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Exhibition: Ukiyo-e at the Turn of the 20th Century

Sight at Ochanomizu (1880) by Kiyochika Kobayashi

Ukiyo-e reflects turn of century mood changes across Japan

The Meiji period is considered to mark one of the low points of ukiyo-e, Japan's distinctive art of wood block prints. This, however, is not very apparent at the current exhibition at the Ota Memorial Museum. Titled Ukiyo-e at the Turn of the 20th Century, the exhibition has quite a wide focus, ranging from the late Edo to early Showa periods.

This was a era when Japan first lost confidence in itself, turned its back on many of its traditions in a desperate effort to catch up with the Western nations, then, regaining confidence, turned once again to cherish its traditions.

The girl Tojin Okichi by Kiyoshi Kobayakawa (1898-1948) shows a girl passively playing the shamisen as an American kurofune (black ship) lurks on the horizon. This nonchalance is in marked contrast to the excitement of an earlier print, American Ship, by Sadahide Utagawa (1807-1873). This shows a seascape alive with boats dominated by a giant American paddle steamer, magnified in the mind of the artist to titanic proportions. This accurately reflects the deep psychological impact that foreign sea power must have had on the Japanese mind.

More artistically successful, however, is his print, A ship Coming into the Bay of Nagasaki, which depicts a Russian sailing ship. The billowing sails and fluttering flags allow Utagawa plenty of scope to impress, just as the Russians seek to impress as they go ashore in a longboat with trumpets blaring and drums beating.

Trade with the advanced Western economies gave artists access to brighter inks. This can be seen in The Restaurant at Kashiwa-ya at Higashi Ryohgoku (1878). In this work by Toyohara Kunichika (1835-1900), vivid reds, greens, purples, and blues jostle for attention. rather canceling each other out.

Other artists were less carried away by such technical innovations, but started to use Western techniques of solidity and shade at variance with traditional ukiyo-e. Sight at Ochanomizu by Kiyochika Kobayashi (1847-1915) shows a night scene of a boat on a moat surrounded by clouds of fireflies. In Mt. Fuji on a Fine Morning After Snowfall (1932), the artist, Hasui Kawase (1883-1957) allows nature to do his shading for him. The snow coating the windward side of the pine tree creates the effect of light and shading, giving the tree greater solidity.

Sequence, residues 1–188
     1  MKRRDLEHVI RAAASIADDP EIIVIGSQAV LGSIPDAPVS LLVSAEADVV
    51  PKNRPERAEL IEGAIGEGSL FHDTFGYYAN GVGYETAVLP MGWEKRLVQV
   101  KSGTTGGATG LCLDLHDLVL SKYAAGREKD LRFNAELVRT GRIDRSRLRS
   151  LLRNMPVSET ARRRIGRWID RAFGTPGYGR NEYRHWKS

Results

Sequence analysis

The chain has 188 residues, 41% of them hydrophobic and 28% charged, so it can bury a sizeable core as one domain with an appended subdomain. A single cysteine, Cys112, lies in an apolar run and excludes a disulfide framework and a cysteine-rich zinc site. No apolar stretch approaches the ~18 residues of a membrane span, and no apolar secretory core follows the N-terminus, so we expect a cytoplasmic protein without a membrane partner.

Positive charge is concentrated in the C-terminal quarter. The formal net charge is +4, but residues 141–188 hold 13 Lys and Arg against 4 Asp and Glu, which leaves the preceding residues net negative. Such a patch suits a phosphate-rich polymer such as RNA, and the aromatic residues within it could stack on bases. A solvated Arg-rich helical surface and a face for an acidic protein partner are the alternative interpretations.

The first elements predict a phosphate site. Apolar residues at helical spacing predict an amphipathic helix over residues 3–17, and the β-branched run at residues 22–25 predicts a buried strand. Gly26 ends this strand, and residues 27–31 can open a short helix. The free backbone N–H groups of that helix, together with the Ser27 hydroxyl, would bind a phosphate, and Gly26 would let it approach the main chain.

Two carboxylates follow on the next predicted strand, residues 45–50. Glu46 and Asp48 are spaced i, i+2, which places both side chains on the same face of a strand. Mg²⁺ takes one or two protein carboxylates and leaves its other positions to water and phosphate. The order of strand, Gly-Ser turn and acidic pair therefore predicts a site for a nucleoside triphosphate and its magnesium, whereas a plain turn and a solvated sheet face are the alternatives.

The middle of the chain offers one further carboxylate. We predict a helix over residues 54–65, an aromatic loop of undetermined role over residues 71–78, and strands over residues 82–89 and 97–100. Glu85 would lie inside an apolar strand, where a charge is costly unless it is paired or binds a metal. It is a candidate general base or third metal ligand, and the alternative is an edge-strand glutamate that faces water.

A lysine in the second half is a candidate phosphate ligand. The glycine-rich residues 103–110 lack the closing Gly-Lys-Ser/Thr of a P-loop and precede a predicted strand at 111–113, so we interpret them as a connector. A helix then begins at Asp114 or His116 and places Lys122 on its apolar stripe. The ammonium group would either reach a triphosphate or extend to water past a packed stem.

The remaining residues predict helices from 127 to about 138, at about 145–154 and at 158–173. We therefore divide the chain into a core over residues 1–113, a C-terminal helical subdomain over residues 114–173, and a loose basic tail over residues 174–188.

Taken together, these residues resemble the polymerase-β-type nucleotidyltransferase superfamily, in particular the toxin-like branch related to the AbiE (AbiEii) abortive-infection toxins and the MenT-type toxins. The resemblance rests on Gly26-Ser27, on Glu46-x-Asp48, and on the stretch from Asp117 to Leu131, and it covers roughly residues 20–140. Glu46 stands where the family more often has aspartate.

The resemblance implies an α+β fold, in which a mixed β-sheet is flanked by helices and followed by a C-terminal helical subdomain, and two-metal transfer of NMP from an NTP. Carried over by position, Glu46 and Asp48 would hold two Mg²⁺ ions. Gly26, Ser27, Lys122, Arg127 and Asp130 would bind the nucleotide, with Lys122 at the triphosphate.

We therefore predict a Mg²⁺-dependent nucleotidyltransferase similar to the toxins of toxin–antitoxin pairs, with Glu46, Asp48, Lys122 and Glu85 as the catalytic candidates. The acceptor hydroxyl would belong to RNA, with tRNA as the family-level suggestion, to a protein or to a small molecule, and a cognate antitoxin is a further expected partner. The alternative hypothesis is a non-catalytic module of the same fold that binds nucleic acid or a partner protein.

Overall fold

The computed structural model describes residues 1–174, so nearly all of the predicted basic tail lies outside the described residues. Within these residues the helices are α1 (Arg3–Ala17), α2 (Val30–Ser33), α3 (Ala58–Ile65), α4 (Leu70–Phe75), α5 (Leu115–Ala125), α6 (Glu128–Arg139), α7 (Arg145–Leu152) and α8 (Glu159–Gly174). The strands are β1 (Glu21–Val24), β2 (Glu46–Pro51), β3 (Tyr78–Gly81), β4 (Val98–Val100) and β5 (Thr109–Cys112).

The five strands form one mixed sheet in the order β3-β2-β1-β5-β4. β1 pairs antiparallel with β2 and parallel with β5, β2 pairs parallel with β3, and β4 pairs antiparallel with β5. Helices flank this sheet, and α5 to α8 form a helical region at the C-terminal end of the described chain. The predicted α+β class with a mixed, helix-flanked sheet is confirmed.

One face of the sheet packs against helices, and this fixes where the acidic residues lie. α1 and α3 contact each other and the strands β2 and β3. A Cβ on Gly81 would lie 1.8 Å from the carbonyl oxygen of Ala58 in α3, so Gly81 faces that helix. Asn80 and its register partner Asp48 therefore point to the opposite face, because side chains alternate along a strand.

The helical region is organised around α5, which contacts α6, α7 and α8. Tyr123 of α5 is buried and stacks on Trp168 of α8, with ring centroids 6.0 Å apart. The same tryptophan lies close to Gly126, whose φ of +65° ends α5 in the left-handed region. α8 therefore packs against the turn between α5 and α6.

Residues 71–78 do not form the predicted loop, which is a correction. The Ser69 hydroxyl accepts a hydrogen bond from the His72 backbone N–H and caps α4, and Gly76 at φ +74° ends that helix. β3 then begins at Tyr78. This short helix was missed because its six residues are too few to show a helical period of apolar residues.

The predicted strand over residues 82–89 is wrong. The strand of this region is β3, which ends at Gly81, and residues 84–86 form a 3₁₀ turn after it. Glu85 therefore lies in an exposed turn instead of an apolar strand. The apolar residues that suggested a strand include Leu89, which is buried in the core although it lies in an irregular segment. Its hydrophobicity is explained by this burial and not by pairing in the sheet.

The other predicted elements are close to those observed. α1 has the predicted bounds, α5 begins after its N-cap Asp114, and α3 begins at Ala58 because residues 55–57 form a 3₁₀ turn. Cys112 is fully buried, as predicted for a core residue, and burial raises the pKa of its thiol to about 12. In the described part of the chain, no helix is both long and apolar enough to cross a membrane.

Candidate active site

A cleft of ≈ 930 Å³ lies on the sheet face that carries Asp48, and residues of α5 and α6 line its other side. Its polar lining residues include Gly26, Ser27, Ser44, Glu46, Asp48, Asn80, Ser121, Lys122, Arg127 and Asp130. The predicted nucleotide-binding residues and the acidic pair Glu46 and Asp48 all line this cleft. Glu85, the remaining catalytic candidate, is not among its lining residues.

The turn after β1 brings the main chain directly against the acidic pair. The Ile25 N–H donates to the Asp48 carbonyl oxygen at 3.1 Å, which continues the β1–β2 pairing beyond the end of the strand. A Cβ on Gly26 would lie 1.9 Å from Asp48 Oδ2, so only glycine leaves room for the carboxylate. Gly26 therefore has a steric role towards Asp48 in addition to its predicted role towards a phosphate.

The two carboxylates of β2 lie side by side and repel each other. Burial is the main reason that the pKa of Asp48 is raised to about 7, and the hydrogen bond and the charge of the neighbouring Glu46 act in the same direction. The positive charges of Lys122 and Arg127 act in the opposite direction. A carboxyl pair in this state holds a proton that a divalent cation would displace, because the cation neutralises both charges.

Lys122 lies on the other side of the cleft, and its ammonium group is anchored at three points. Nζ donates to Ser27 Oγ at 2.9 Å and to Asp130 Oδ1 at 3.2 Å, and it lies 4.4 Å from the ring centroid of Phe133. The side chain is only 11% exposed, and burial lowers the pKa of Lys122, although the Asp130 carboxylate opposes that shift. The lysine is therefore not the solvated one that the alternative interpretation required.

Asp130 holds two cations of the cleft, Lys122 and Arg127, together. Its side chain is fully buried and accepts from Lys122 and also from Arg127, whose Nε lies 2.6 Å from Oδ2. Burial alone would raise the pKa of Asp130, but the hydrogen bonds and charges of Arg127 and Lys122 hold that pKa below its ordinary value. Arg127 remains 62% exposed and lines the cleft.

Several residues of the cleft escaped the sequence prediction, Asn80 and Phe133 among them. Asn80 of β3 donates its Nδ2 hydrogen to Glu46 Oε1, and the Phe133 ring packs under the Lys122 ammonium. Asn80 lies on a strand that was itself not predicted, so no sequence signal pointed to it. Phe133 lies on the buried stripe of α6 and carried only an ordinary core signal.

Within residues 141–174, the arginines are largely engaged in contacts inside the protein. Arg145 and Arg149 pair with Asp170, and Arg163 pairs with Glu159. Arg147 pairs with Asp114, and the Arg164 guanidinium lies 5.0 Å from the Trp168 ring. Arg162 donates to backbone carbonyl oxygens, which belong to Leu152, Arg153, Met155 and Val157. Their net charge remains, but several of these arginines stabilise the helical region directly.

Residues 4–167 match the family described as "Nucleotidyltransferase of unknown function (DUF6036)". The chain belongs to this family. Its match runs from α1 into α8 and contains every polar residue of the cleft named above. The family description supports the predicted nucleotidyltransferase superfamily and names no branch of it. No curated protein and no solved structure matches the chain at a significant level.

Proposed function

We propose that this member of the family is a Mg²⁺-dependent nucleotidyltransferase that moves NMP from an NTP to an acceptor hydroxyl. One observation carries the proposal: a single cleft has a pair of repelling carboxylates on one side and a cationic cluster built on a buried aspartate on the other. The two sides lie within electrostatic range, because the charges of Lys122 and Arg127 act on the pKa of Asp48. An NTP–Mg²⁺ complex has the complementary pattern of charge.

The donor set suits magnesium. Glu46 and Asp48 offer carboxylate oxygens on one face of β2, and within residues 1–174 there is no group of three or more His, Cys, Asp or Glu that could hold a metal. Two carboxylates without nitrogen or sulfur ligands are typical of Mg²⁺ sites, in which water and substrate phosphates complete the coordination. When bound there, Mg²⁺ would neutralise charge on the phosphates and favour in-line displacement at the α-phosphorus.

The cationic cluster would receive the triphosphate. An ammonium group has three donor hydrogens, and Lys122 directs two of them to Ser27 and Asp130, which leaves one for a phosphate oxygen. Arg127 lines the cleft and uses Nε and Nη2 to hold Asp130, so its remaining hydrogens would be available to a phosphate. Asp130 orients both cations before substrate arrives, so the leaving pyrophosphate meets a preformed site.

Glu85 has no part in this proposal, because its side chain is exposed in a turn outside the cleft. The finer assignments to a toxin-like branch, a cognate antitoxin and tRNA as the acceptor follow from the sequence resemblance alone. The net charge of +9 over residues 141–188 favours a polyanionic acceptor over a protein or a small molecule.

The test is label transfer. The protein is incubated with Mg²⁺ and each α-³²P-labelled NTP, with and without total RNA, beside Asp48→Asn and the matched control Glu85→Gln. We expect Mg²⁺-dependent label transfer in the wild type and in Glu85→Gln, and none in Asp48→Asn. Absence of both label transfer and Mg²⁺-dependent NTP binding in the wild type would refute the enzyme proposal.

The work that best captures the mood of the period is perhaps Children’s Play: Snowball Battle (1906) by Shōun Yamamoto (1870-1965). Showing a rather rambunctious snowball fight between two groups of children, it echoes the brutal and heroic struggles fought out in the Manchurian snows between the Imperial Russian and Japanese armies the year before. Two groups of boys – one wearing caps, the other with handkerchiefs tied around their heads – fight in the snow.

In the foreground, a boy with a cap wrestles a foe to the ground. With his other hand he raises a snowball in the air, about to strike, as a smaller boy grabs his hand from behind in order to stop him. The drama of this composition is heightened by the sharp diagonal pattern on the main boy’s coat.

In the same way, the traditional and the modern grapple with each other in this refreshing exhibition of an art form that remained characteristically Japanese.

Ukiyo-e at the Turn of the 20th Century: Part II runs until Mar. 31, 2001 at the Ota Memorial Museum of Art

The Japan Times
24th March, 2001
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